As illustrated above, the hyperfine bottom-up model was a big-data-driven framework. We should thus apply a subsampling analysis to evaluate the stability of the resulting on-road vehicle emission inventory. The objective was to investigate whether less repeated traffic monitoring information can reproduce the long-term spatial emission patterns driven by the entire dataset (Apte et al., 2017; Hankey and Marshall, 2015). For this study, a specific doubt of interest was whether there was a tipping point, beyond which additional information offered relatively few added benefits.
Here we focused only on weekdays rather than weekends when expected casual trips might affect the analysis. We utilized the Monte Carlo simulations to subsample the full-traffic-monitoring emissions repeatedly. Briefly, we randomly sampled the emission information on unique weekdays () at each road segment from our universal dataset. Each road segment has 35 weekdays of sampling on average. For each value of N, we performed 1000 random draws to generate 10 000 subsampled “maps” of fine-scale hourly average emissions. For road segments with fewer than N days of sampling, the “subsampling” effectively contained all data. Consequently, the subsampled maps converged to the full-data-driven results, since N approached the total number of full traffic monitoring data points.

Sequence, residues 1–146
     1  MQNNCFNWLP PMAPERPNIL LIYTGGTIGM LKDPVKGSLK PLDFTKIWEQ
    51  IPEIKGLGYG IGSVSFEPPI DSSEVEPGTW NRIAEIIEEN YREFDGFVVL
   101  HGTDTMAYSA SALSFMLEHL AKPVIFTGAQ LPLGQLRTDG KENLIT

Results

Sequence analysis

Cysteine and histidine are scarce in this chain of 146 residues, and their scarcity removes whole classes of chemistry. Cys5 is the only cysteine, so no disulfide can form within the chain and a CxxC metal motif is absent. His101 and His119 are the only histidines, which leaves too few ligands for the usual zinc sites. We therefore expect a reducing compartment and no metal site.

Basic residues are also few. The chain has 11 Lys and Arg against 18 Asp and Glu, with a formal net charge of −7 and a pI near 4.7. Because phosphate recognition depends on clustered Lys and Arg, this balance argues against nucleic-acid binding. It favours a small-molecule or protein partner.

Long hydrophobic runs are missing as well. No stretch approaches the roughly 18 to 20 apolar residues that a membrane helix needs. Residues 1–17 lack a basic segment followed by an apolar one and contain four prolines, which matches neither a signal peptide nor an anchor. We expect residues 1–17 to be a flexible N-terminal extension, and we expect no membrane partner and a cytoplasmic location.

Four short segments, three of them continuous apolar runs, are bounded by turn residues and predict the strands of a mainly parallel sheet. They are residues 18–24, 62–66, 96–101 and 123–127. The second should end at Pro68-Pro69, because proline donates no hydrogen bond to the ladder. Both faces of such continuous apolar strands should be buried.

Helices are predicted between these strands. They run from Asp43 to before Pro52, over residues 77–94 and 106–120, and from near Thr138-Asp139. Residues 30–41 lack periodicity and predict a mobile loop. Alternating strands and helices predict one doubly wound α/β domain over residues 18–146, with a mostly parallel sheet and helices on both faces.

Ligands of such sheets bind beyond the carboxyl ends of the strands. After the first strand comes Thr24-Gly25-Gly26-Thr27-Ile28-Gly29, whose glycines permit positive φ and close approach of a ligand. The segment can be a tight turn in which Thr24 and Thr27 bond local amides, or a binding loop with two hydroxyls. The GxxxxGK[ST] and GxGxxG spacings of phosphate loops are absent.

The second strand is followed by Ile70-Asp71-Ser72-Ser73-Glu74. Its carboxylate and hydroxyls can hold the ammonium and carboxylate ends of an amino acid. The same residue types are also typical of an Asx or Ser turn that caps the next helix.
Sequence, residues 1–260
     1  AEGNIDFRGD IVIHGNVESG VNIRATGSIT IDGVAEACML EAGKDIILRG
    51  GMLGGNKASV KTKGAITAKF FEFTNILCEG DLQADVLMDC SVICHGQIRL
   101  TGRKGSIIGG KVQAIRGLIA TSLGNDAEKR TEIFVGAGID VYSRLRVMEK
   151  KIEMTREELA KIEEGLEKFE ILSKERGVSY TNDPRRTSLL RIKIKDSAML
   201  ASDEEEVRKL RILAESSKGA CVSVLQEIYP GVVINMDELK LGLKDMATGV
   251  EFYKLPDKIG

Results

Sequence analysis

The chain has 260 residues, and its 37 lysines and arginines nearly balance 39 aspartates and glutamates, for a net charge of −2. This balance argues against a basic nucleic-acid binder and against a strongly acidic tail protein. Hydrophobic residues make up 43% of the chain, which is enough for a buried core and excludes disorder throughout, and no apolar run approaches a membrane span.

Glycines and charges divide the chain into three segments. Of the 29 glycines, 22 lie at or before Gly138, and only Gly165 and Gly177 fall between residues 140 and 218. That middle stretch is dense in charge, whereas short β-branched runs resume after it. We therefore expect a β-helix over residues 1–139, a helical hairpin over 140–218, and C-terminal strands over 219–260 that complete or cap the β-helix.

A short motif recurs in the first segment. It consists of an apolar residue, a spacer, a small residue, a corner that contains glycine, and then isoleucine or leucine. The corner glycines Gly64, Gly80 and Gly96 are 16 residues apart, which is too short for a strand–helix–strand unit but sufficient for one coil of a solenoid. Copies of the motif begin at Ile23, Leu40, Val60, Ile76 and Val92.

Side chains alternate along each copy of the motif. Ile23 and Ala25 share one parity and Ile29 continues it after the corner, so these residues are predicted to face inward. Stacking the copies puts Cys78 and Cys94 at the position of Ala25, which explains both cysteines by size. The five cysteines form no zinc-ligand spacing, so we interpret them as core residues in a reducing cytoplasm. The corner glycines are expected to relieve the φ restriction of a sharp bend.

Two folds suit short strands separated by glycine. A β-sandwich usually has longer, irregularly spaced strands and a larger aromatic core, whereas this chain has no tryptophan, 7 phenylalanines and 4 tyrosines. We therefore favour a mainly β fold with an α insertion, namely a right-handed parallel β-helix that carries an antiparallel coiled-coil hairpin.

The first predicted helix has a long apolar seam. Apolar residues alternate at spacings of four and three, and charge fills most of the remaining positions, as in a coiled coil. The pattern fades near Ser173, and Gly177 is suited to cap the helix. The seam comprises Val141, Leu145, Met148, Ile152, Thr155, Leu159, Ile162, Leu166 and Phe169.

We adopted three metrics to compare the performance of each subsampled emission map to that of the full-data-driven result. First, as a metric of precision, we calculated the γ2 between each subsampled map and the corresponding full dataset. The second metric was the normalized root-mean-square error (i.e., the coefficient of variation of the RMSE, CV-RMSE). Third, as a metric of the temporal stability of subsampled spatial patterns, we calculated the intraclass correlation (ICC) of each subsampled iteration, grouped by road segments. The ICC is a metric that results from one-way analysis of variance (ANOVA) to quantify the degree of similarity among repeated measurements within individual groups (i.e., road segments). After computing the ANOVA for data grouped by road segments, the ICC is calculated as the ratio of the variability between groups (mean squares of treatment/group, MST) to the sum of the MST and the variability within individual groups (mean square error, MSE):